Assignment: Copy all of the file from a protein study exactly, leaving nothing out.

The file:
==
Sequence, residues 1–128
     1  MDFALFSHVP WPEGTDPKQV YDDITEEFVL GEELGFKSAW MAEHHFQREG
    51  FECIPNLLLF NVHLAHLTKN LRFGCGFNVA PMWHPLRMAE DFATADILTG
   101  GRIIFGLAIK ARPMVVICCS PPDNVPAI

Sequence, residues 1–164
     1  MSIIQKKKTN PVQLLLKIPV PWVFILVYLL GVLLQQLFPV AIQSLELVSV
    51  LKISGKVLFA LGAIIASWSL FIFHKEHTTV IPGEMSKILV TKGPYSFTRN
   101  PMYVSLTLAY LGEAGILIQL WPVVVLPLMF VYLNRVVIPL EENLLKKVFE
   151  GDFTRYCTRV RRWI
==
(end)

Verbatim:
Sequence, residues 1–128
     1  MDFALFSHVP WPEGTDPKQV YDDITEEFVL GEELGFKSAW MAEHHFQREG
    51  FECIPNLLLF NVHLAHLTKN LRFGCGFNVA PMWHPLRMAE DFATADILTG
   101  GRIIFGLAIK ARPMVVICCS PPDNVPAI

Sequence, residues 1–164
     1  MSIIQKKKTN PVQLLLKIPV PWVFILVYLL GVLLQQLFPV AIQSLELVSV
    51  LKISGKVLFA LGAIIASWSL FIFHKEHTTV IPGEMSKILV TKGPYSFTRN
   101  PMYVSLTLAY LGEAGILIQL WPVVVLPLMF VYLNRVVIPL EENLLKKVFE
   151  GDFTRYCTRV RRWI